In the March, 1953 issue of Galaxy Science Fiction, H. L. Gold announed a novel contest. Simon and Schuster and Galaxy partnered together to offer a $6,500 prize, “guaranteed to the author of the best original science fiction novel submitted.”
The $6,500 was only a minimum for the first world serial and TV rights. It was the largest cash prize offered to date for a science fiction novel. Other details were that the contest closed October 15, 1953, and the novel had to be between 60,000 and 75,000 words. Anyone could enter, with the following caveats:
…except employees of the Galaxy Publishing Corp. and of Simon and Shuster, Inc., and their families; AND authors who are ineligible because of contractual obligations to their present publishers… which means, in effect, that contestants will NOT be competing with most of the established ‘big names’ of science fiction.
When you consider that cars could be purchased for about $2,000 in 1953, this was an enormous prize. And let’s face it: how many of us would still be happy to sell a novel in today’s market for $6,500?
Given that the contest ended long ago, I had to find out who won. The winner was Edson McCann, whose novel Preferred Risk was serialized in Galaxy in 1955 and later published by Simon and Schuster that same year. Congratulations, Edson!
Oh… except there never was an Edson McCann.
And this is the part of the story that makes me lose respect for Gold. Out of all of the submissions Galaxy received, Gold didn’t like any of them. So he approached Frederik Pohl and Cyril M. Kornbluth to find out if they would enter the contest with their latest novel (albeit under a pseudonym). But they declined.
Galaxy’s deadline passed, and Gold had nothing to show for it. At least, nothing he wanted to show for it.
Pohl, meanwhile, had been working on another novel — this time with Lester del Rey. Gold liked the story and wanted it as the contest winner.
Never mind that the contest had already closed. Never mind the clause about the prize “guaranteed to the author of the best original science fiction novel submitted.” In my mind, “best of submitted” doesn’t necessarily mean it’s a great novel; it means it was the best of those submitted. Never mind that “contestants will not be competing with most of the established ‘big names’ of science fiction.” Oh, wait; it was only two of the names, so perhaps that aspect held up.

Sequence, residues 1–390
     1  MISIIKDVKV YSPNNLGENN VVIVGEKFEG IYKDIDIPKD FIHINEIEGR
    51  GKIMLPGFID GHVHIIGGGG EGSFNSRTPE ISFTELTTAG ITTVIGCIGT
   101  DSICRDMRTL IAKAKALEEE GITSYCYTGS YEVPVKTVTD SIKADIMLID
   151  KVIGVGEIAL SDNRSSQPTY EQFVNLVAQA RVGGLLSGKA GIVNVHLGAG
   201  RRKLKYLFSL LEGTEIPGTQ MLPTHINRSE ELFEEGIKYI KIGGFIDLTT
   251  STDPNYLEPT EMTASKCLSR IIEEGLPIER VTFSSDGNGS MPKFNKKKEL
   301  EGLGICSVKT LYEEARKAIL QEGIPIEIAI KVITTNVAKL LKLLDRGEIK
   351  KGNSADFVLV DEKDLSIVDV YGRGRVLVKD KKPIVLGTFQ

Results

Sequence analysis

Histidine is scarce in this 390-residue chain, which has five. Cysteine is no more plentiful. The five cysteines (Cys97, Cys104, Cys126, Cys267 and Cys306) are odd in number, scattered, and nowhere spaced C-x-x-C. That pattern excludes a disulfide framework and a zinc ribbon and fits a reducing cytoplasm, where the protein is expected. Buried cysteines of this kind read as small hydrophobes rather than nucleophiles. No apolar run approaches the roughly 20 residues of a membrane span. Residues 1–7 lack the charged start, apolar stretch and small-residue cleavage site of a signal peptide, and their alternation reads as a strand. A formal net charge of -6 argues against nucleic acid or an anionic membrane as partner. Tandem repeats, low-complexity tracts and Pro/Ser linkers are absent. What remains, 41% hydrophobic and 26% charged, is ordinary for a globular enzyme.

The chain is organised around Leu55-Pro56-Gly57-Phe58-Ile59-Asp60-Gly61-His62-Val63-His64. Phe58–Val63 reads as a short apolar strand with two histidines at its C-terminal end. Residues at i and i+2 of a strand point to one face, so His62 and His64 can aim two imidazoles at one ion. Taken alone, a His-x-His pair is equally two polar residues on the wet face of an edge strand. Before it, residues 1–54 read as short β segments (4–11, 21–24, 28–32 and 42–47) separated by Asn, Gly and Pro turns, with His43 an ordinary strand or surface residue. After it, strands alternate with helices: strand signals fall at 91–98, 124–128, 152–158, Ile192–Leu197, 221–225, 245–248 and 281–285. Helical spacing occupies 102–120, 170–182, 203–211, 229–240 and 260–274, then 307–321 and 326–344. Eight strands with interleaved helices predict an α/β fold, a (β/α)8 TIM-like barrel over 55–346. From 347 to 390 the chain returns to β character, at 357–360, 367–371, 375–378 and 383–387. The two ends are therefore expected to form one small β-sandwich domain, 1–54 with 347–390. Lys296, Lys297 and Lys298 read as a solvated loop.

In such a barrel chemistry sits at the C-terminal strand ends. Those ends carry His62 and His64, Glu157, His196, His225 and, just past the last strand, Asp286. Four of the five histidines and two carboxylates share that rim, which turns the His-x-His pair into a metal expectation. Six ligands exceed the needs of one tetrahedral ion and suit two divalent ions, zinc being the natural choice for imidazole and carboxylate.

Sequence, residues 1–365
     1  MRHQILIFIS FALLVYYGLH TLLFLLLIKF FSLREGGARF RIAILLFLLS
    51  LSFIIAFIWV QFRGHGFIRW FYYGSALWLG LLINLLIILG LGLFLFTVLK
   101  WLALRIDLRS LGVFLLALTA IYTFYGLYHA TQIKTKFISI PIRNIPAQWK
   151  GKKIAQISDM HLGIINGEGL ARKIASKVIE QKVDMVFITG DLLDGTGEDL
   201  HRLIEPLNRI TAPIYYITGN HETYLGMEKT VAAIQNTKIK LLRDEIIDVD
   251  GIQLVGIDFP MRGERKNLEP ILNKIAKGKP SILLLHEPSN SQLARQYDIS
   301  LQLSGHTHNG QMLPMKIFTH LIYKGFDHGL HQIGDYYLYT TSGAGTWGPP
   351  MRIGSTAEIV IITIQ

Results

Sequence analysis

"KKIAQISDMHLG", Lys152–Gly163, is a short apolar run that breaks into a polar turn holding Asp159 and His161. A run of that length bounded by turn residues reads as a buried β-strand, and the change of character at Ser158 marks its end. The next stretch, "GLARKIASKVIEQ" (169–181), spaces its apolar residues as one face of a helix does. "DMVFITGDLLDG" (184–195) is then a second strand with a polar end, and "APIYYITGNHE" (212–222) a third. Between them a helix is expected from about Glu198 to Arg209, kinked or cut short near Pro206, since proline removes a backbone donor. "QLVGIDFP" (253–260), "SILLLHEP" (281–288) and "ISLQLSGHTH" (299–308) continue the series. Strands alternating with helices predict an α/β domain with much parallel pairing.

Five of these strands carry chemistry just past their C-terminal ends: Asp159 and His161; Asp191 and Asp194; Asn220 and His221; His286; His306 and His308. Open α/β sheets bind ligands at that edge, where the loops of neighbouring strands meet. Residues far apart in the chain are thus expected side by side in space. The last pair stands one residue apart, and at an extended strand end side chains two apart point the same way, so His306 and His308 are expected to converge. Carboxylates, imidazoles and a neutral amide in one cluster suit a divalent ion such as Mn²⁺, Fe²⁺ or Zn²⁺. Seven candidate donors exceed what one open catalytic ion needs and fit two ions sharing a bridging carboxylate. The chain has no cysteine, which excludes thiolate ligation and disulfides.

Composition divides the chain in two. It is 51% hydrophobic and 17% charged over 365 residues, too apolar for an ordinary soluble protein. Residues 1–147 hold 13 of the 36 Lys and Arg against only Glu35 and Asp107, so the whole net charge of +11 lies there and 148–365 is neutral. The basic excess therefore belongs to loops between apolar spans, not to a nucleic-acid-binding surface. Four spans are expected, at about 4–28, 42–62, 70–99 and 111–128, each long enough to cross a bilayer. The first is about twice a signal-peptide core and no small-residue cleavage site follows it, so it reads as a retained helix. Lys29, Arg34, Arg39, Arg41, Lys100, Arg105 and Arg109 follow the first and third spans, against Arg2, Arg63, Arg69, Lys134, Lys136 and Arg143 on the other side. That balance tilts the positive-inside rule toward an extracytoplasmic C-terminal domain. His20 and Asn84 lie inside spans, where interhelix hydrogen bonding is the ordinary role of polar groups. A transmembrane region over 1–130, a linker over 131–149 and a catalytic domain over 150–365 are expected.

Pohl and del Rey agreed to go through with it, inventing a pseudonym of Edson McCann. The story behind McCann was that he was a nuclear physicist who was working on top secret projects; therefore, he couldn’t risk public appearances or book signings. Such a dedicated, honorable man!
The secret leaked out, obviously, but I don’t know of any serious repercussions to Gold, Galaxy, or Simon and Schuster. I do know that they never had any other novel contests within Galaxy. But what this illustrates to me is that Gold wasn’t really that open to new authors. In fact, if you look at some of the past issues I’ve reviewed, you’ll see cases where established authors have two stories in a single issue, using a pseudonym for one of them. Or Gold himself injects his own story using a pseudonym. In fact, the March 1953 issue begins with one of his stories, though he actually uses his own byline.
But worse than being closed to new voices is the fact that Gold didn’t uphold the rules of the contest. It became a sham. I don’t think that’s what he intended from the start. Perhaps all of the submissions were poorly written, and he felt desperate. But he should have worked with what he had.
I’ve entered contests in the past; in fact, I’m in one right now. If I found out the winner wasn’t one of the entries, I would feel cheated. And I hope those unpublished authors of 1953, if they ever found out the truth, also felt a strong sense of injustice.
Decades have passed, and whatever the fallout was, it may be well forgotten by now. After all, later copies of the novel listed del Rey and Pohl as the authors rather than McCann.
But what editors can learn from an incident like this is the notion that new voices deserve respect. We aren’t all writing like Pohl, Kornbluth, or del Rey, but that’s not necessarily a bad thing. If you hold a contest or ask for submissions to an anthology, use the submissions that you receive; don’t e-mail your buddies Pohl and del Rey for something “better.” And if you have a magazine where Pohl and del Rey are submitting regularly, bring in a story by an authentic nuclear physicist from time to time. The results of innovation shouldn’t be new pseudonyms; rather, the results of innovation should be unique stories from new authors.
Matthew Wuertz’s last review for us was the February 1953 issue of Galaxy Science Fiction.